Table 2. High-performance liquid chromatography (HPLC) and mass spectrometry (MS) analysis of extract from the blue speculum and brown labellum fringe sections of Ophrys speculum
Peak RT (min)
Parent ions m/z
Fragment ions m/z
Putative metabolite identification
RT, retention time (min); λmax, maximum absorption between 200 and 800 nm on the photodiode array detector; MS, main parent monoisotopic mass ions (positive ionization) of each peak and the fragment ions where detected. Metabolite identification was based on reference to published data and by searching the monoisotopic mass ions on the flavonoid database at http://metabolomics.jp/wiki/Index:FL. For each mass, > one metabolite is usually identified on the database, therefore only one example for each mass is provided here.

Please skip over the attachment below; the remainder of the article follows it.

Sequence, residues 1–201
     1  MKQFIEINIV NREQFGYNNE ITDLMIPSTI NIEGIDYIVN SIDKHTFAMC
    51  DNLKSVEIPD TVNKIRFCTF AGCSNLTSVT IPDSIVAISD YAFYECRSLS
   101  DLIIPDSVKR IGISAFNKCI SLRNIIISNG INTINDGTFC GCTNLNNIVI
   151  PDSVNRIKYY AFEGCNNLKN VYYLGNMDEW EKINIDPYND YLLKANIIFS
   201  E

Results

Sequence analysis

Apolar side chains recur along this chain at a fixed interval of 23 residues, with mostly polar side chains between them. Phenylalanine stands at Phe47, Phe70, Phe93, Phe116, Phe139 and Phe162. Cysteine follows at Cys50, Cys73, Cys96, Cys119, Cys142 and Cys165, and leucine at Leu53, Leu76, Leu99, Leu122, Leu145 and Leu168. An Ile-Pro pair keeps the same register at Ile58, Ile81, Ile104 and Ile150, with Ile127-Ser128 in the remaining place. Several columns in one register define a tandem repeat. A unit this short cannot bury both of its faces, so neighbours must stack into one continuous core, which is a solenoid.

Six peaks were resolved in the brown section chromatogram (Figs 5, 6). The absorption spectra of two peaks (retention times 17.9 and 18.6 min) were characteristic of an anthocyanin, and four peaks (retention times 18.4, 19.3, 20.3 and 21.1 min) were characteristic of flavonols (Mabry et al., 1970). The peak eluting at 17.92 min had the same absorption spectrum, parent ion and fragment ion mass as that found at a similar time in the blue section, and hence was identified as cyanidin 3-(3′′-malonylglucoside). The peak at retention time 18.6 min, slightly co-eluted with another peak at 18.4 min and had a λmax of 522 nm, indicating the presence of delphinidin-3-rutiniside or cyanidin-3-rutiniside (Toki et al., 1996; Vera De Rosso & Mercadante, 2007). The remaining peaks at 18.4, 19.3, 20.3 and 21.1 min all had absorption spectra with a λmax of 356 nm that are characteristic of a flavonol such as isorhamnetin-rutinoside (λmax = 356 nm) or a glycoside of quercetin such as quercetin-glucoside, -rutinoside or -rhamnoside (λmax = 358 nm; Mabry et al., 1970). The mass spectra of these four flavonol peaks all revealed mass ions of the same molecular weight as glycosylated or malonylated quercetin (Table 2). Variation in the conjugate species explains the differences in retention time for the same quercetin compound. The masses of other compounds, especially the flavonols luteolin and kaempferol, were also present in the online mass searches. However, the Ophrys labellum compound is unlikely to have these chemistries, as the UV traces for these compounds are closer to 330 and 370 nm, respectively. The reference compound, quercetin-3-β-D-glucoside, had a similar retention time to the four flavonols in the extract and had a λmax of 356 nm. Therefore, the main compound present in the labellar fringe is likely to be a mix of cyanidin and delphinidin with a copigment of quercetin.